Flexible Armor: Mysterious Seahorse Astounds Scientists

Seahorse Armor Inspire Robotic Designs
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The curious seahorse, a tiny fish that swims in a vertical position and looks a lot like a miniature horse, has astounded researchers by its ability to withstand crushing forces that would destroy nearly every other living creature.

And it just may help the researchers borrow from the world of biology to solve some really tough problems in the world of engineering.

The seahorse is the latest in a growing list of organisms in the relatively new field of biomimetics. If you are trying to solve an engineering problem, find something in nature that has already done it, then steal its secrets.

Engineers at the Jacobs School of Engineering at the University of California, San Diego, have been studying several animals to see how they protect themselves.

Their goal is to develop a device that can grab an object, even something deep under the sea, while withstanding the forces of nature and the threats from predators.

A monkey's tail would work, because a monkey can curl its tail around a branch and hang from a tree. In technical jingo, that tail is a "flexible prehensile" extension.

PHOTOS: Seahorse Armor Inspires Robotic Designs

The engineers looked at all sorts of critters, including a large fish that survives in the piranha-infested waters of Brazil's Amazon forest, and is protected by a layer of armor that is more than a match for the razor-sharp teeth of the piranha.

But you can't pick up something with the body of a fish, so they turned elsewhere.

"We started out looking at antlers, and horns, as defense, then we went on to the armadillo and turtle shells, as armor," materials science professor Joanna McKittrick of UCSD said in a telephone interview. But what they needed was a truly remarkable creature, and the seahorse stepped up to the plate.

"The seahorse was a natural," Mckittrick said. The research, led by McKittrick and fellow materials science professor Marc A. Meyers, was published in the journal Acta Biomaterialia, and it describes seahorses like this:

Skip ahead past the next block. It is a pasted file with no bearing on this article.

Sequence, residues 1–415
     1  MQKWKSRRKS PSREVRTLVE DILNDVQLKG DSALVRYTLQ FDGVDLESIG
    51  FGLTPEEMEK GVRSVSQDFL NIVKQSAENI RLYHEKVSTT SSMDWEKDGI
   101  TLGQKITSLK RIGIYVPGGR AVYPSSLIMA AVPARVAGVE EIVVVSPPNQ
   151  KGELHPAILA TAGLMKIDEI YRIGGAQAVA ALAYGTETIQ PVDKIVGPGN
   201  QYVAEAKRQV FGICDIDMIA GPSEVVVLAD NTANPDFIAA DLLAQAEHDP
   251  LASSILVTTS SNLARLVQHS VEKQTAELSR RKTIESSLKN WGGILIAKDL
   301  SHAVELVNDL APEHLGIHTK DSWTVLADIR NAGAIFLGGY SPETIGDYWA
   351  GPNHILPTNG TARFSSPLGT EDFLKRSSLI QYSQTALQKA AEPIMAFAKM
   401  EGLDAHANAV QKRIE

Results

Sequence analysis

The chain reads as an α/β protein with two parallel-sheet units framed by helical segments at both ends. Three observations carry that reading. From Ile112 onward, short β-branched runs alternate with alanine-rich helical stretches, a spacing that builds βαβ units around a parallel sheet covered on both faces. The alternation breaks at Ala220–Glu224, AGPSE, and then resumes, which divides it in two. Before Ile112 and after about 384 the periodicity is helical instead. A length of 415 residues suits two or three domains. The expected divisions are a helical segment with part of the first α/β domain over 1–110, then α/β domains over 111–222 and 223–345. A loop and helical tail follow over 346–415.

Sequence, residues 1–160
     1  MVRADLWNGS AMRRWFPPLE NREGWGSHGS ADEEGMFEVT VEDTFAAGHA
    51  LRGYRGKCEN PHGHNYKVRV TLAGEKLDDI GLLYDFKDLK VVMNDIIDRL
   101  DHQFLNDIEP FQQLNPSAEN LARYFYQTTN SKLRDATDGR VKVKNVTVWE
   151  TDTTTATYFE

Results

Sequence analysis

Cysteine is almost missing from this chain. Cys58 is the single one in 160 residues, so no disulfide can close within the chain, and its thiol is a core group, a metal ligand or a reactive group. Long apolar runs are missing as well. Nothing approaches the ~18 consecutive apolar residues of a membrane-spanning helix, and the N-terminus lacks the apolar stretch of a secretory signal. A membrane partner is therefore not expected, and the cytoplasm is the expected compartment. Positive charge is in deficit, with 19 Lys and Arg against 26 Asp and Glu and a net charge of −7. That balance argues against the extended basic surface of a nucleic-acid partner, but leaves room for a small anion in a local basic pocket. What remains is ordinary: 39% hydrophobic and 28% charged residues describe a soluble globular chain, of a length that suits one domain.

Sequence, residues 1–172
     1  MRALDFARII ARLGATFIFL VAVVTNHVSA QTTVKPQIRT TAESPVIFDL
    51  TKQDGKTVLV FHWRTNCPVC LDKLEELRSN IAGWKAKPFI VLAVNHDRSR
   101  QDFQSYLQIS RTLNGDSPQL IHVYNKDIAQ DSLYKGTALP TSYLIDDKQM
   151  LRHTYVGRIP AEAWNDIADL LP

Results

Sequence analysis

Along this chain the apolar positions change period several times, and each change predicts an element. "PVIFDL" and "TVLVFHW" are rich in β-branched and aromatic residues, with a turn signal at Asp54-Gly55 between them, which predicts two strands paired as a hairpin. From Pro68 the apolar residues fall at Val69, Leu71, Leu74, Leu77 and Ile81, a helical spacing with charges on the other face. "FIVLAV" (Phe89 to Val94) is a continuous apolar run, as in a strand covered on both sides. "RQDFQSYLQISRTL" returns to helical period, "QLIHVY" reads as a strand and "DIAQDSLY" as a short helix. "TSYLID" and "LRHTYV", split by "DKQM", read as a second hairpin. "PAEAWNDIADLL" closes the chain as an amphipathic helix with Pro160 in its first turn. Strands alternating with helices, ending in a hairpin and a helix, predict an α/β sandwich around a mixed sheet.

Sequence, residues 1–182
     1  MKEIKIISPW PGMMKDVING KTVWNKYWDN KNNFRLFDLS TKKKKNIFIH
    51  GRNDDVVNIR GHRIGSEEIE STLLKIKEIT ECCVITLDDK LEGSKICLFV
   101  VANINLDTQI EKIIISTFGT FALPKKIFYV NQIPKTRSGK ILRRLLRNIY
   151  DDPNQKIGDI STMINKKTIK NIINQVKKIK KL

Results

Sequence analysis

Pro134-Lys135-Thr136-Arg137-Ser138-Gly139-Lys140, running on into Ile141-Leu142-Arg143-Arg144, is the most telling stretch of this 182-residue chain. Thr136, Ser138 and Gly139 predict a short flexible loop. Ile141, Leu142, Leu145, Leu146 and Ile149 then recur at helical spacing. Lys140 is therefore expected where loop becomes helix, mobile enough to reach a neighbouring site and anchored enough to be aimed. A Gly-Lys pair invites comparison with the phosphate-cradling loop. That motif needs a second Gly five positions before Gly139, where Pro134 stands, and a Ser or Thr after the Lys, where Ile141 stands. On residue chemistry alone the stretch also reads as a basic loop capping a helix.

"They have a head like a horse, a long tubular snout like an anteater, eyes that move independently like a chameleon, a brood pouch like a kangaroo, camouflage skin like a flounder, and a flexible prehensile tail like that of a monkey."

That sounds like an animal designed by a committee that wasn't entirely sure what it wanted to do. But as the researchers subjected dead seahorses to forces powerful enough to compress their body to half their normal size, they found something extraordinary. That amount of compression, which would kill just about anything else, except a sponge, did no discernible damage to the seahorse.

McKittrick said that when she saw the fish's ability to withstand that, she was "bamboozled." That's an engineering term for stunned, or astonished, or really surprised.

The researchers found that the seahorse's vertebra, which runs the length of its body, is protected by a series of "bony plates" that slide past each other during compression.

But Michael Porter, a doctoral student who conducted most of the lab work and is lead author of the study, said in a telephone interview that the finding was surprising because bone would be expected to crack, and then shatter under such compression. That's because bones are made mostly from minerals and are brittle.

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